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Congratulations! You’ve made the decision to purchase a new, used car. The color is perfect; the stereo is sick, and she handles like a dream. All that’s left is to sign on the dotted line — but wait, are you interested in purchasing an extended warranty?

That one gives you pause.

Am I interested? Should I be?

There’s a lot to consider.

Always read before you sign.

Warranty policies are long, complicated documents, but it’s important to know exactly what, and how much you’ll be required to pay, and exactly what, and how much the extended warranty you purchase will cover. Didn’t anyone ever tell you what happens when you assume? Sometimes, you’re wrong. Read the policy; don’t get stuck with a hefty repair bill because you didn’t.

Where can I have repairs done?

The good ones will let you take your car to any shop. Imagine you’re 200 miles from home, and stuck on the side of the road with a blown gasket; the extended warranty that requires a visit to the dealership won’t do you any good.

How will my claims be paid?

Some warranties pay the repair shop directly, while others require pre-payment before reimbursement. It pays to know which you’ve signed on for.

What is my deductible, and how is it applied? 

Is the listed deductible applied per visit or per repair? You might think, “Oh, per repair is better, because my car could go into the shop, but not ultimately need repair.” Right? Wrong. Per-repair deductibles usually end up costing more out of pocket. When one thing goes wrong, chances are something else might be wrong, too — if it’s one issue, or four, a per-visit deductible applies across the board.

How is the expiration mileage calculated? 

In one of two ways: Your warranty might expire when your odometer reaches the policy mileage, while others expire “in addition” to the miles present when you purchased the coverage. Generally, bumper-to-bumper policies follow the former method; component and powertrain warranties, the latter.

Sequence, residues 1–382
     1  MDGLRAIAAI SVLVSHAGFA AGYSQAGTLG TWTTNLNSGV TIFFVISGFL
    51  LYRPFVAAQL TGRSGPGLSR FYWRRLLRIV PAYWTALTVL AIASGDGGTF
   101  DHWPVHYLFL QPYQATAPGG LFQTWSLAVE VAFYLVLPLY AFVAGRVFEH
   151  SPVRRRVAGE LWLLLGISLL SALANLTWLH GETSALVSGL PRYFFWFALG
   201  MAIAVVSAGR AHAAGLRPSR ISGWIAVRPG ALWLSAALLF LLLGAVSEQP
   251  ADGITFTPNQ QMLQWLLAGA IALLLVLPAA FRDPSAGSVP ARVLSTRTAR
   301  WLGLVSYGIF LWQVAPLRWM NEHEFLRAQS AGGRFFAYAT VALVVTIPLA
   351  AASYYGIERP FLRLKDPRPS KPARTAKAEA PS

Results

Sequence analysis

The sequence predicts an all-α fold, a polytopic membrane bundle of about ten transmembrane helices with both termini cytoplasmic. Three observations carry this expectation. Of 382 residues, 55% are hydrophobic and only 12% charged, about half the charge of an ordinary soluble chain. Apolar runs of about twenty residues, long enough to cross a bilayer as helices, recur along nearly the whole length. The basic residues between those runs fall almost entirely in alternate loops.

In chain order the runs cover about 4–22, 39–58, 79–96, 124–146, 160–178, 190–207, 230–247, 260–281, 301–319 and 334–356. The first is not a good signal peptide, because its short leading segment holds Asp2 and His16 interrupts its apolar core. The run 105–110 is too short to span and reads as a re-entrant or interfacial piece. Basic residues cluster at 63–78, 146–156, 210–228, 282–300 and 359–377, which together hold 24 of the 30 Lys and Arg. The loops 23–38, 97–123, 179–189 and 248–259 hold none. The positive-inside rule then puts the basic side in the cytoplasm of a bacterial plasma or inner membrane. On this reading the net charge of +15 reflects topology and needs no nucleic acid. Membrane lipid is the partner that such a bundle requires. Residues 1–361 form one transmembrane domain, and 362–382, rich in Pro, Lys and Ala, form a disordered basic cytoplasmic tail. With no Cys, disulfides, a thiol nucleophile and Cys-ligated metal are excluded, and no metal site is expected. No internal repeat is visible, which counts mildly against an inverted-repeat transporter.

You’ve read the policy’s every word, and gathered all of the important information, and decided that yes, indeed, an extended warranty is right for you. Just another signature on the dotted line — but wait; there are a few more things to consider.

Can I cancel my warranty?

Often, yes. Sometimes, no. Most policies allow 30- or 60-day cancellation terms with a full refund. Beyond the stated initial period, you might be eligible to receive a pro-rated refund based on months or miles covered, and the cost of any claims paid.

Can I transfer my warranty?

Be sure to ask this question. The purchase of a warranty that is transferable will only increase the resale value of your vehicle.

Keep the policy handy.

The point of an extended warranty is to ensure you’re protected in the event of a roadside emergency. Don’t get stuck without the warrantor’s phone number. Keep a copy of the policy in your glove box at all times.

Undergo routine maintenance.

As used car sales professionals, we can’t stress this one enough. Take care of your vehicle, and the warranty will take care of you. Follow the manufacturer’s routine maintenance guidelines — doing so will not only decrease your chances of a broken-down ride, but also your chances of having to deal with the hassle of a denied claim.

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